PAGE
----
The artist’s show at Museum Tinguely, Basel, Switzerland shows her central concern is contingency
Sofia Hultén’s solo show, ‘Here’s the Answer, What’s the Question?’, at Museum Tinguely in Basel, is a clever demonstration of the ways in which art, often more so than philosophy or science, can mediate between abstract reasoning and aesthetic experience. Despite recurrent references to quantum physics in the texts accompanying Hultén’s 12 installation and video works, no such theoretical expertiseis necessary to appreciate them.
We usually enter Plato’s Cave through philosophical texts. Yet, in Nu Cave (2011), Hultén re-interprets the allegory by means of tools and gadgets from a car workshop. On one side of a freestanding wall is a shelf displaying dusty lamps, paint tins, a record player and other items. On the other side, small screens show the objects in use, illustrating functions that, at times, seem absurd. Separating material originals from their representations, this subtle, humorous inversion of Plato’s idealism sees the shadows, rather than the physical objects, put to use. A different type of inversion appears in the video Nonsequences IV (2013–14), in which Hultén puts a fast-food tray on her laptop and begins to eat from it, and then pours food onto the laptop. In Nonsequences I (2013–14), we see the artist shuffle the linear order of another everyday act: she polishes an apple, eats it and throws the remainder into the bin. Then, she polishes a half-eaten apple, eats a dirty apple from the bin and another apple from a bin bag. She does all this systematically and devoid of emotion, as if it were a mundane factory job.
Hultén’s central concern is contingency: the way we do things could just as easily be different; everything depends on other things that could be different, too. Take the shabby, old chest of drawers in Mutual Annihilation (2008). It is as it is: in the here and now. But it became what it is through a curious process: Hultén restored the piece of furniture to make it look new and then un-restored it to its shabby state. Everything has to change so that everything can stay the same.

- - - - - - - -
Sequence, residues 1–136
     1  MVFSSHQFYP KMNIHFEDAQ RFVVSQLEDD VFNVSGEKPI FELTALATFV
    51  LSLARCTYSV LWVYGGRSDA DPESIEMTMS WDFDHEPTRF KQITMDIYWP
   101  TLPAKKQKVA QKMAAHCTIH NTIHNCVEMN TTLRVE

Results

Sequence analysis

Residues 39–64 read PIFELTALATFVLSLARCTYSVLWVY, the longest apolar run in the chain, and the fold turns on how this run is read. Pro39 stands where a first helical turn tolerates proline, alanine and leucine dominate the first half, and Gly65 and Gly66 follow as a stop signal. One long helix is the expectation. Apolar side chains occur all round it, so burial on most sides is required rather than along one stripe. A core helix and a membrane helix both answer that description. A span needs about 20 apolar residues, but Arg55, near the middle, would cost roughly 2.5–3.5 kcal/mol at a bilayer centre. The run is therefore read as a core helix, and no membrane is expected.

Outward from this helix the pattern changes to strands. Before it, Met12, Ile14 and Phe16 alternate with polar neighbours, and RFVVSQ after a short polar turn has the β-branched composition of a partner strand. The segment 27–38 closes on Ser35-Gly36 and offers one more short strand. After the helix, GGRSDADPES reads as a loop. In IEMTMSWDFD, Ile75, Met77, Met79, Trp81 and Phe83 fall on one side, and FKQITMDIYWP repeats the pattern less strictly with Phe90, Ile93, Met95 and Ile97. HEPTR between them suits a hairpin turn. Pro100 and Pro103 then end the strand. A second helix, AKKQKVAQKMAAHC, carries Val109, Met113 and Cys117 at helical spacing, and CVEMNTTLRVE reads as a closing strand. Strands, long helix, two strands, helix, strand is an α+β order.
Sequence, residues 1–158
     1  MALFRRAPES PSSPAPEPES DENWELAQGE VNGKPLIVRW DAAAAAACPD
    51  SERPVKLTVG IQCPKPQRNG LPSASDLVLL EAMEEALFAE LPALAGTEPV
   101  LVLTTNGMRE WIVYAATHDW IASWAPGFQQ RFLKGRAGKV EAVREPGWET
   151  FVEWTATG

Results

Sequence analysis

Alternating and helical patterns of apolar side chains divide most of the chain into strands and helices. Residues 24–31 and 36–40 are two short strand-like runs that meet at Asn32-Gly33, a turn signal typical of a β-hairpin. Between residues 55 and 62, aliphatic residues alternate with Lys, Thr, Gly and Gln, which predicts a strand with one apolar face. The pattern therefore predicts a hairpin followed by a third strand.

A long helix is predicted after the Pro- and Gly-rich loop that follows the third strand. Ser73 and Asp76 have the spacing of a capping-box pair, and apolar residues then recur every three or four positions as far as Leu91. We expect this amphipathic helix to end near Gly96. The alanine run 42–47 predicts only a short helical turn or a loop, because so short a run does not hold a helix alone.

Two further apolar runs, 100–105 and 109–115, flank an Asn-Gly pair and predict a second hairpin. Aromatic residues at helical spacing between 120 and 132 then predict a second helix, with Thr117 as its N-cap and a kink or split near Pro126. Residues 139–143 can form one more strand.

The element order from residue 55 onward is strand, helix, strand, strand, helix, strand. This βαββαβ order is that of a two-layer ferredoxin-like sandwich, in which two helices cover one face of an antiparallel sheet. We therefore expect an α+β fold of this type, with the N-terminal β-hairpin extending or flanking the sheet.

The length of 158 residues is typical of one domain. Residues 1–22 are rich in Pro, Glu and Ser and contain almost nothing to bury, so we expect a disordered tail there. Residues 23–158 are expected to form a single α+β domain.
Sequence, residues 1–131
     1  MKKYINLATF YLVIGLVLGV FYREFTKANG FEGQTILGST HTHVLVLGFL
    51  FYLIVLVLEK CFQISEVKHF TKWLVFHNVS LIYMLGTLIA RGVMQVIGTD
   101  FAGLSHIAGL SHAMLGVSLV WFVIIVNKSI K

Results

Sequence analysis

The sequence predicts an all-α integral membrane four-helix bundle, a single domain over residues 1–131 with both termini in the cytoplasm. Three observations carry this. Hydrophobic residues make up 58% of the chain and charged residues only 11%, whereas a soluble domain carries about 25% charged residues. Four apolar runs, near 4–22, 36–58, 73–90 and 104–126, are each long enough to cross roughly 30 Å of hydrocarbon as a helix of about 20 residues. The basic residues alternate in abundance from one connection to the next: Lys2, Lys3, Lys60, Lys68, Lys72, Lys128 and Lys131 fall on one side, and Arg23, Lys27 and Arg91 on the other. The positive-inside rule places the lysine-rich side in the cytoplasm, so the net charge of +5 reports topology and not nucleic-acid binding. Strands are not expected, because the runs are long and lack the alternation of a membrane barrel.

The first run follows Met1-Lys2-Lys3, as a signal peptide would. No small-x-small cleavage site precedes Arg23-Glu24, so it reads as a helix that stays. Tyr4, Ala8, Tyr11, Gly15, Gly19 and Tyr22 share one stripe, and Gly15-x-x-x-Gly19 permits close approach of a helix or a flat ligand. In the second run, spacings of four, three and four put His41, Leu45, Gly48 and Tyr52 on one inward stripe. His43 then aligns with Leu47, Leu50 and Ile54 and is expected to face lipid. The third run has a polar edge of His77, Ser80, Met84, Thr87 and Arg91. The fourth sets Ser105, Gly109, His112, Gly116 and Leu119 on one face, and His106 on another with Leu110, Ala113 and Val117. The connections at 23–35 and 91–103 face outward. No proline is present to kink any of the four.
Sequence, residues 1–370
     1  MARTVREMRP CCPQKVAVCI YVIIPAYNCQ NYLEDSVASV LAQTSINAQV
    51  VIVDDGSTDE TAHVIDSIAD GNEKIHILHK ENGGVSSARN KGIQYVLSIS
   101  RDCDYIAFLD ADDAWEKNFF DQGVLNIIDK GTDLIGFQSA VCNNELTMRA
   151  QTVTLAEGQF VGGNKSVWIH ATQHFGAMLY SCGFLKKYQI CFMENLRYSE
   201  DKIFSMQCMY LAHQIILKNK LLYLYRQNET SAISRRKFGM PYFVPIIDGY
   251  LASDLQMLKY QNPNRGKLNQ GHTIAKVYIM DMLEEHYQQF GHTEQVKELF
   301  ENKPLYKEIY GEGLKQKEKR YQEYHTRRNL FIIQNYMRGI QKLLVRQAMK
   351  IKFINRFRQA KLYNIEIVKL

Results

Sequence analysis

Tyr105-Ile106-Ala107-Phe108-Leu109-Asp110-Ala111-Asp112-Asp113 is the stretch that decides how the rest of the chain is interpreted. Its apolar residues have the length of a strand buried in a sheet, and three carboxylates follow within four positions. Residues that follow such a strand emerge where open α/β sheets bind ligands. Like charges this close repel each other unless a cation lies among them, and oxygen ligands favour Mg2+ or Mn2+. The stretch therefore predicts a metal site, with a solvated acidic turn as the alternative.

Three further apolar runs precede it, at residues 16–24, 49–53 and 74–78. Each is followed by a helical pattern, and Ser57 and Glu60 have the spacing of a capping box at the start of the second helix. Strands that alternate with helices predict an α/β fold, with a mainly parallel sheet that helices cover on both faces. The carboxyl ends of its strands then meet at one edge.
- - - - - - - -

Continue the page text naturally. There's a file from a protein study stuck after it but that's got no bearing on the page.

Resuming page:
Humans have long sought certainty. Centuries after René Descartes, the speculative realism movement once again seeks absolute truth. Simultaneously, a rhetoric rooted in unambiguity and identity has spread in global politics. This is what makes Hultén’s work so topical and implicitly political: it is an antidote to our anxious longing for certainty, clarity and security. Her methods resonate with the postmodern ethic of openness and possibility, and its suspicion of grand narratives. The installation History in Imaginary Time (2012), for instance, consists of five sections of chain-link fencing, framed in metal. Each fence displays a different arrangement of the same elements: a tennis ball, pieces of cardboard, a sweater and green spray paint. Each represents a possible underlying story that viewers are invited to imagine.
Hultén’s interventions could be viewed as non-committal, nondescript, indifferent or too playful. But I see her work as a non-deterministic, real-world exemplification of what the writer Robert Musil, in his The Man Without Qualities (1943), termed a ‘sense of possibility’. This sense of the possible is the reality of our existence. With her brain-teasing, enjoyably philosophical show, Hultén communicates this to both layperson and expert.
Main image: Sofia Hultén, Immovable Object/ Unstoppable Force (Skips), 2012, film still. Courtesy: Daniel Marzona, Berlin and Galerie Nordenhake, Stockholm
First published in Issue 195